Litzman demands Shabbat not be violated for Eurovision 2019

Culture Minister Regev: There will be no Shabbat desecration

By
May 14, 2018 18:24
1 minute read.
YA’AKOV LITZMAN

YA’AKOV LITZMAN. (photo credit: MARC ISRAEL SELLEM/THE JERUSALEM POST)

 
X

Dear Reader,
As you can imagine, more people are reading The Jerusalem Post than ever before. Nevertheless, traditional business models are no longer sustainable and high-quality publications, like ours, are being forced to look for new ways to keep going. Unlike many other news organizations, we have not put up a paywall. We want to keep our journalism open and accessible and be able to keep providing you with news and analyses from the frontlines of Israel, the Middle East and the Jewish World.

As one of our loyal readers, we ask you to be our partner.

For $5 a month you will receive access to the following:

  • A user experience almost completely free of ads
  • Access to our Premium Section
  • Content from the award-winning Jerusalem Report and our monthly magazine to learn Hebrew - Ivrit
  • A brand new ePaper featuring the daily newspaper as it appears in print in Israel

Help us grow and continue telling Israel’s story to the world.

Thank you,

Ronit Hasin-Hochman, CEO, Jerusalem Post Group
Yaakov Katz, Editor-in-Chief

UPGRADE YOUR JPOST EXPERIENCE FOR 5$ PER MONTH Show me later

The adulation, the pride and the patriotism that has been aroused by Netta Barzilai’s Eurovision song contest victory on Saturday night has apparently left United Torah Judaism leader Yaakov Litzman unimpressed regardless of the clamor her success has generated.

Unmoved by the prestige of the Eurovision and its grand traditions, Litzman has insisted that Jewish traditions, specifically that of Shabbat observance, are not shunted aside.

Be the first to know - Join our Facebook page.


Barzilai’s victory means the competition will be held in Israel next year, likely in Jerusalem, and since it is held every year on a Saturday night, preparations and even the contest itself, might have to start before Shabbat ends.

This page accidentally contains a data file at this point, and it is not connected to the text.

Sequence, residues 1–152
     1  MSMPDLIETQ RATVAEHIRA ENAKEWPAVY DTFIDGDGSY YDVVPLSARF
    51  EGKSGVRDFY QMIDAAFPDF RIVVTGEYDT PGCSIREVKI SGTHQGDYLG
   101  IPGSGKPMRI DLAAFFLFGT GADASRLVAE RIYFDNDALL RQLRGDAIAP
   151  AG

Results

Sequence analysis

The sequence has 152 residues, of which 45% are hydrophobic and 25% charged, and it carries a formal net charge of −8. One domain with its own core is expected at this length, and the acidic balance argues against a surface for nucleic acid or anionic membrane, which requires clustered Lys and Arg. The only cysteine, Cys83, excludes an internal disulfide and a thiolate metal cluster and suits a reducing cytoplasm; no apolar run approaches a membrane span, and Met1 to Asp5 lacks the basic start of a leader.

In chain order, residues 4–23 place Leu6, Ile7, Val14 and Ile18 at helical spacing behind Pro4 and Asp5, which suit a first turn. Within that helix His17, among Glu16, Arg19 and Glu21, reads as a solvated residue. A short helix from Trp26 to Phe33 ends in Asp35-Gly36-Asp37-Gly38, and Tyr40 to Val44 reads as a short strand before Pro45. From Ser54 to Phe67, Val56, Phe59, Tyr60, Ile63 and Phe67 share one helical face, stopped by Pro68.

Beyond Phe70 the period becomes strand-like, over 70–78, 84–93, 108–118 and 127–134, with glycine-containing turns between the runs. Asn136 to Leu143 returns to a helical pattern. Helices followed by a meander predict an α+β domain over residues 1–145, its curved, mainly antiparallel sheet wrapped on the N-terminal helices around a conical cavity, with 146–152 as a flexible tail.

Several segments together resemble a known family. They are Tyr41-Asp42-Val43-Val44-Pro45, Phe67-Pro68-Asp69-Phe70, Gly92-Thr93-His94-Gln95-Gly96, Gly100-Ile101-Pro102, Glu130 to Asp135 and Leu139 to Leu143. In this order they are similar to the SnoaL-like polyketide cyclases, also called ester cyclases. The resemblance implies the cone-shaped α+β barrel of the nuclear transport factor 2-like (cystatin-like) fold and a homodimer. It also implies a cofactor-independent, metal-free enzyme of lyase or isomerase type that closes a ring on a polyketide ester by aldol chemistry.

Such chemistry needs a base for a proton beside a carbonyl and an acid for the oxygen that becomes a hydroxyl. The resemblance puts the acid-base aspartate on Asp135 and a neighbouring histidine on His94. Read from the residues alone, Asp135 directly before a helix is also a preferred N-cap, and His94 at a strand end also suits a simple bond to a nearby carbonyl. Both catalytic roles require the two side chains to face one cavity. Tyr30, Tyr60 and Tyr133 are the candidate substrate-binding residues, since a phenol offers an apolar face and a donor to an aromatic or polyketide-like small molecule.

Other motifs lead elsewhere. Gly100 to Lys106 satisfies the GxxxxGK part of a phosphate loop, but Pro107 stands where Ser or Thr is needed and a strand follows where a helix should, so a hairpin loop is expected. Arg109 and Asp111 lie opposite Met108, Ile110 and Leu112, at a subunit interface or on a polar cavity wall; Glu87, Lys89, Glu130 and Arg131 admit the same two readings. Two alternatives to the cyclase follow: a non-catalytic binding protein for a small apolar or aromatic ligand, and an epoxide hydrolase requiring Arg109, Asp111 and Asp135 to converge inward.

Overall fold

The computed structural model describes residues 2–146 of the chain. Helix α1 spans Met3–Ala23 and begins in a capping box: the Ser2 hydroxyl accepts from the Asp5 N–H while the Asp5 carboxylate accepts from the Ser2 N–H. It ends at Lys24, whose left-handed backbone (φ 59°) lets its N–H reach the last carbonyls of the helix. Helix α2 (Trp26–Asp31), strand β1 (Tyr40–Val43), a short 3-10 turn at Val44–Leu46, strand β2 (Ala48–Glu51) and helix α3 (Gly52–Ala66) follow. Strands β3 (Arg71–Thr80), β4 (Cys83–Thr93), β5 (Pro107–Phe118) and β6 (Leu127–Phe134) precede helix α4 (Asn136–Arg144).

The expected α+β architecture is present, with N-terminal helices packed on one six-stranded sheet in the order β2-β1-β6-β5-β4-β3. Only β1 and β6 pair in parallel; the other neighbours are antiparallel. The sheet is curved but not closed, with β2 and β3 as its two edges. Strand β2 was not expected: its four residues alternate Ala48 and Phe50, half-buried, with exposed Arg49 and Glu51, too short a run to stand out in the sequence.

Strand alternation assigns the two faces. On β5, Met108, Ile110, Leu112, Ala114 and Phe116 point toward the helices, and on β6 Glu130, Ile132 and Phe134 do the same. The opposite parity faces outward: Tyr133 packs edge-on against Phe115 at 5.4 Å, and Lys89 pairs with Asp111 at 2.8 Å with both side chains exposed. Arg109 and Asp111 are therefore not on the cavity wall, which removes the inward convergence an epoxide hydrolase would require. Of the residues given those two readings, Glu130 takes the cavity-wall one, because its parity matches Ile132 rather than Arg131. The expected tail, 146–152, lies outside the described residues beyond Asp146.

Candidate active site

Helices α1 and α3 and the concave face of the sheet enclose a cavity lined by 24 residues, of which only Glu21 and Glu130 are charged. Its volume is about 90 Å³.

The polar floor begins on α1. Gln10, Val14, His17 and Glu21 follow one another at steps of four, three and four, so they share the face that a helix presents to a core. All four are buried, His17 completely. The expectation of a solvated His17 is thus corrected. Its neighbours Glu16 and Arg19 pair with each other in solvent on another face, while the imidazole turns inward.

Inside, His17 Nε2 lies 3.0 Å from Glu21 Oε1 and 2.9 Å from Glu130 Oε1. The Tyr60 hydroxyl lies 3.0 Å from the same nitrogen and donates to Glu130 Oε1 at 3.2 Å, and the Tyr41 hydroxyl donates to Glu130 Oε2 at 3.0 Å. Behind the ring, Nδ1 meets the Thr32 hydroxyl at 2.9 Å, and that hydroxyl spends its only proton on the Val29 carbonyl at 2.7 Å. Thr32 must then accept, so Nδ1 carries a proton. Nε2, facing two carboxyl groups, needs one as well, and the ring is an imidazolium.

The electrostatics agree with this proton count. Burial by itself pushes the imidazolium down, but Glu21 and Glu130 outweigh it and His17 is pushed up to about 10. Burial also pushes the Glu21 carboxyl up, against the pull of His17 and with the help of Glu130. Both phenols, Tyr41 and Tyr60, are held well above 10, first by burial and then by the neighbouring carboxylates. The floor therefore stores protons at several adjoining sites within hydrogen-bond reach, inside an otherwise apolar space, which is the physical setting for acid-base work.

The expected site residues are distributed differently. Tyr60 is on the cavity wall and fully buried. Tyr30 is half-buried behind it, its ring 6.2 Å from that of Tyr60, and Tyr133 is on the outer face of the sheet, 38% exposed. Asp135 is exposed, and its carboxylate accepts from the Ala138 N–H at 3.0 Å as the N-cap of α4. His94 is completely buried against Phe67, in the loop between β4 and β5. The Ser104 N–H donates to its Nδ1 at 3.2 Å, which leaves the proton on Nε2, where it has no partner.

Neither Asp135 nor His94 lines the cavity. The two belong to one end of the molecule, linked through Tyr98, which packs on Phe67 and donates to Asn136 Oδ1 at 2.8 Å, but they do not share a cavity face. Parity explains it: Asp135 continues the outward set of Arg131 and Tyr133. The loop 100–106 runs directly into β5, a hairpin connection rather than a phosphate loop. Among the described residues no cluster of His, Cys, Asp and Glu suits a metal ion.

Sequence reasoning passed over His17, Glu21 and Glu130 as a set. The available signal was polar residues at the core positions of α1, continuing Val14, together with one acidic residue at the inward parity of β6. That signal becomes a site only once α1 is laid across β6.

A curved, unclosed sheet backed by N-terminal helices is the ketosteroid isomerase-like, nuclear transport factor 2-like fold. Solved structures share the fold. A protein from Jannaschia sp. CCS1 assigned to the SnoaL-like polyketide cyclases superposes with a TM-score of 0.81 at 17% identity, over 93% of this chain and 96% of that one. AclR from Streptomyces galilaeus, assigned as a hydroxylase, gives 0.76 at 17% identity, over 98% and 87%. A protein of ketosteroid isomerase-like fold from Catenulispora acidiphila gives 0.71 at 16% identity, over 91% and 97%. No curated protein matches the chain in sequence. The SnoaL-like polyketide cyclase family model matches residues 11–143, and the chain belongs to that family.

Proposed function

So in an effort to head off such a problem, Deputy Health Minister Litzman sent a letter sent to Culture and Sport Minister Miri Regev insisting that the Shabbat not be violated by the contest or the preparations for it.

“In the name of hundreds of thousands of Jewish citizens from all the populations and communities for whom Shabbat observance is close to their hearts, I appeal to you, already at this early stage, before production and all the other details of the event has begun, to be strict [in ensuring] that this matter does not harm the holiness of Shabbat and to work in every way to prevent the desecration of Shabbat, God forbid, as the law and the status quo requires,” Litzman wrote in his letter to Regev.

The status quo on religion and state matters requires government bodies not to engage in activities which violate the Shabbat, although exceptions for various reasons are granted.

The Eurovision is typically produced and staged by a country’s public broadcaster, in Israel’s case Kan, which would likely receive financing from the government from the Culture and Communications ministries.

JPOST VIDEOS THAT MIGHT INTEREST YOU:


In a brief response from Regev’s office, a spokesman said that the minister had vowed that “there will be no Sabbath desecration.”

Join Jerusalem Post Premium Plus now for just $5 and upgrade your experience with an ads-free website and exclusive content. Click here>>

Related Content

JCC bomb threats
November 22, 2018
Father of convicted Israeli JCC hoax bomber pens message to Trump

By URI BOLLAG